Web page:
If you want a good idea as to what your home might sell for, or what one may cost, you need to go local; forget about national home prices.
Who cares if home prices are falling in Denver if they’re rising in Boston, and vice versa? What about home prices sold in my neighborhood?
If you look at home prices sold in and around your area, and you’ll get a much better representation of what to expect if you decide to jump into the housing market.
That’s step one; step two is getting the latest sales information, because home prices can and will change rapidly, and appraisals are based largely on recent comparable sales.
Last week, real estate information provider Redfin announced that it can now deliver 1.4 million near-real-time sales records.
“Comparative Market Analyses are one of the real estate industry’s ‘killer applications,’” said Michael Smedberg, leader of Redfin’s query & statistics team, in a press release.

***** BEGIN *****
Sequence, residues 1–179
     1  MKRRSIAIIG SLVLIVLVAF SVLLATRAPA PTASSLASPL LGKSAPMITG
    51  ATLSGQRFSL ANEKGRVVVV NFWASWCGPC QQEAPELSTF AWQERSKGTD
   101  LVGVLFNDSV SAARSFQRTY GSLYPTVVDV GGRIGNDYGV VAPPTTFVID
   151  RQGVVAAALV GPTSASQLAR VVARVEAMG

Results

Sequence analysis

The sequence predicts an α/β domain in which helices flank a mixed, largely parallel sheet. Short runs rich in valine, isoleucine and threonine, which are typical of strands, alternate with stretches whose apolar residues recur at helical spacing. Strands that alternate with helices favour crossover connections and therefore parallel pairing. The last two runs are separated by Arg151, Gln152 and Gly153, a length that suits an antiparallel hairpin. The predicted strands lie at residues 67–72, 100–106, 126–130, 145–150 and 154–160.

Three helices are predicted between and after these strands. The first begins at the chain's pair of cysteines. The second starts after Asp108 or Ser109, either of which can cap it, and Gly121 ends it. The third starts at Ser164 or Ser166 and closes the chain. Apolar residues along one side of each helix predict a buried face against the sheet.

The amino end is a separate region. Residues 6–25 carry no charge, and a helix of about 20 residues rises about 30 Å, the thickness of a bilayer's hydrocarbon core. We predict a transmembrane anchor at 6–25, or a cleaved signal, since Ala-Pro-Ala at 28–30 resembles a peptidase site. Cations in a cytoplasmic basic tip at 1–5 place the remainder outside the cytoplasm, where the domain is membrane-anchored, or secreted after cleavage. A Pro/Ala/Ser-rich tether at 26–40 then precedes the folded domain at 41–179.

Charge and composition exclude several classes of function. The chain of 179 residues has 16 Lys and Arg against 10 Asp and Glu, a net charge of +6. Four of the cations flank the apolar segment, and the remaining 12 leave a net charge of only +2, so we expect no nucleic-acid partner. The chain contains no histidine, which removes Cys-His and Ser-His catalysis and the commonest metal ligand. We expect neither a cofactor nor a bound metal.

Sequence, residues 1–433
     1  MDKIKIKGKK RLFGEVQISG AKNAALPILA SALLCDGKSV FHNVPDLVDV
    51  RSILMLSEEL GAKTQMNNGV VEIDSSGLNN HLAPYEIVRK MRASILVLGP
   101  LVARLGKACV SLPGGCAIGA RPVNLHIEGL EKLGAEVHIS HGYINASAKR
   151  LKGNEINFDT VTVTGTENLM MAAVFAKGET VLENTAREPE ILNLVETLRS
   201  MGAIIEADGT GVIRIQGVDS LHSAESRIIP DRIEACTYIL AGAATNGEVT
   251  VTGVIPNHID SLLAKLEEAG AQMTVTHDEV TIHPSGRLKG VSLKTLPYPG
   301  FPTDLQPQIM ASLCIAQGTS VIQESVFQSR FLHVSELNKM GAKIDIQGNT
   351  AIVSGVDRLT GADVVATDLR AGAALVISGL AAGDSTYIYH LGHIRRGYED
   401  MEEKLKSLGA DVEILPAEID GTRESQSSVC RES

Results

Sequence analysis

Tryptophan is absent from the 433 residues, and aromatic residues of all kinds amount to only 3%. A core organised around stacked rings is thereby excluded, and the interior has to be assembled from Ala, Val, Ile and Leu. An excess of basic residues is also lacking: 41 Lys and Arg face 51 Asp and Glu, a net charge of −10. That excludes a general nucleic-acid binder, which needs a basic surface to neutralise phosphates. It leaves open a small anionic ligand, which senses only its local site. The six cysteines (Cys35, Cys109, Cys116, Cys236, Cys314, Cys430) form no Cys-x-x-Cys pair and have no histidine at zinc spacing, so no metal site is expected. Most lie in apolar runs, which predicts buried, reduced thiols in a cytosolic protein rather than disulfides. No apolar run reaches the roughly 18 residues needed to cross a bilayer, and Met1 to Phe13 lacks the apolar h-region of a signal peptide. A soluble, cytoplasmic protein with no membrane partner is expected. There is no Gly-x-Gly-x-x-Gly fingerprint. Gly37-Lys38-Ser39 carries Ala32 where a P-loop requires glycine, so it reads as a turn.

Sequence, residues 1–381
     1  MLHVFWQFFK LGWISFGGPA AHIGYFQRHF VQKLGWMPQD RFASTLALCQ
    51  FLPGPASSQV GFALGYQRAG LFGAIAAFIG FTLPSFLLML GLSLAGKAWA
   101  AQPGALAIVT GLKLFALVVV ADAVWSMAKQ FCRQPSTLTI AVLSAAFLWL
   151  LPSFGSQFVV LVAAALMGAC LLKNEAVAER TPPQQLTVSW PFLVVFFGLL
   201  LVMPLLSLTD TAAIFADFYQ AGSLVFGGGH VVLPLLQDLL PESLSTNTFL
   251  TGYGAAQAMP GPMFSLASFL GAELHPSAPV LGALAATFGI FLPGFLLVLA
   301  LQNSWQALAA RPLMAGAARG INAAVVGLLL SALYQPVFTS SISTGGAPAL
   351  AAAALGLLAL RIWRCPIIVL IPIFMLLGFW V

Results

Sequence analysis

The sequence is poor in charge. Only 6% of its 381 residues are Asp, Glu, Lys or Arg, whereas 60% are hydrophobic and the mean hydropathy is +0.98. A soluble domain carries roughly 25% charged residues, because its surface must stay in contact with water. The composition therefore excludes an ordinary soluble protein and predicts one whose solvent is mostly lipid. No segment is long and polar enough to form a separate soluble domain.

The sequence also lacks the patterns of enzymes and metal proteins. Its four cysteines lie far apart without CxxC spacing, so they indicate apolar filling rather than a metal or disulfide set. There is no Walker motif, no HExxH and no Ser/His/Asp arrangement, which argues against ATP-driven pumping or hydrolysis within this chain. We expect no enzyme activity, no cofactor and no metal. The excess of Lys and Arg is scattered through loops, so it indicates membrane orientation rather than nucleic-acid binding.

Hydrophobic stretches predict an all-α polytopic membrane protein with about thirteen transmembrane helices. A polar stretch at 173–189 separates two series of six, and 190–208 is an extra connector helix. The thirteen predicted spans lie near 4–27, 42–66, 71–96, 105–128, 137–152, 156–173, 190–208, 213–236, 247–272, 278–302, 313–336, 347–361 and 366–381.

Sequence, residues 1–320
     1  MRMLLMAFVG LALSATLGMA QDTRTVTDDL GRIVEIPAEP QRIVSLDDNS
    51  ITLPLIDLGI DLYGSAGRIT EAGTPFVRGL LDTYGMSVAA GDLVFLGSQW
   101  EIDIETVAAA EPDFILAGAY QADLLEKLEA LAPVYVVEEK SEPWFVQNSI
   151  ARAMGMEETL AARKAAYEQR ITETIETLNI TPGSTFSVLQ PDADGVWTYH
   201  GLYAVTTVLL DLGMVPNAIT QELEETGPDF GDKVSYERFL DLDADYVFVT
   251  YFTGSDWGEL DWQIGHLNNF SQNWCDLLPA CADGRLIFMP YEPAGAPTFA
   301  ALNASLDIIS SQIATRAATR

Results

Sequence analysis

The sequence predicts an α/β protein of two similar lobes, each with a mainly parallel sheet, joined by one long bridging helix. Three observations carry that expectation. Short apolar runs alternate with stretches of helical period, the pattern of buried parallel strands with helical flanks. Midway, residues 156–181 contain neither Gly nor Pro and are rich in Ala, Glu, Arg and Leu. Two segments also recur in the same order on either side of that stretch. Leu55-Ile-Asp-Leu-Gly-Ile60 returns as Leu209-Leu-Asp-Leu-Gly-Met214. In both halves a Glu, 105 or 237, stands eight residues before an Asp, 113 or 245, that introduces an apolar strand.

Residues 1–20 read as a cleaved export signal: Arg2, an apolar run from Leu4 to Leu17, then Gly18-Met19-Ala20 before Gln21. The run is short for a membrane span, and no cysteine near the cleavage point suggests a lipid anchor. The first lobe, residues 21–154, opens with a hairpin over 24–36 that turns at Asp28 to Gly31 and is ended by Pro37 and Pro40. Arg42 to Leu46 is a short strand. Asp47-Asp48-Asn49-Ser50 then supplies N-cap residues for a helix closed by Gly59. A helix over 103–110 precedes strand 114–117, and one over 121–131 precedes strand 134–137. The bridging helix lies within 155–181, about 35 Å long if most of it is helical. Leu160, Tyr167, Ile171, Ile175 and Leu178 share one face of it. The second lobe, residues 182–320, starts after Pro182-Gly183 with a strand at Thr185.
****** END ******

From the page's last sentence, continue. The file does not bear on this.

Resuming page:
“But they’re often shrouded in mystery; agents have direct access to data such as prices and photos for just-sold homes, but buyers rarely do.”
“Without that direct access, consumers have had to rely on the expertise and availability of their agent, and this in turn made it hard to figure out on their own what to offer or ask for a listing.”
Previously, consumers could only access data based on public records that Redfin claims is delayed between two to eight weeks, at which time home prices could change by as much as 5%.
Going forward, you can access sales information via MLS-powered records within 15 minutes of a property being taken off the market by clicking on the “recently sold” tab in neighborhood, city, and region views on Redfin.
So if you’re in the market to buy or sell a home, you may want to keep an eye on this handy tool. It could help you make an offer for a home, set the right listing price, or gauge when home prices will rise in your neighborhood.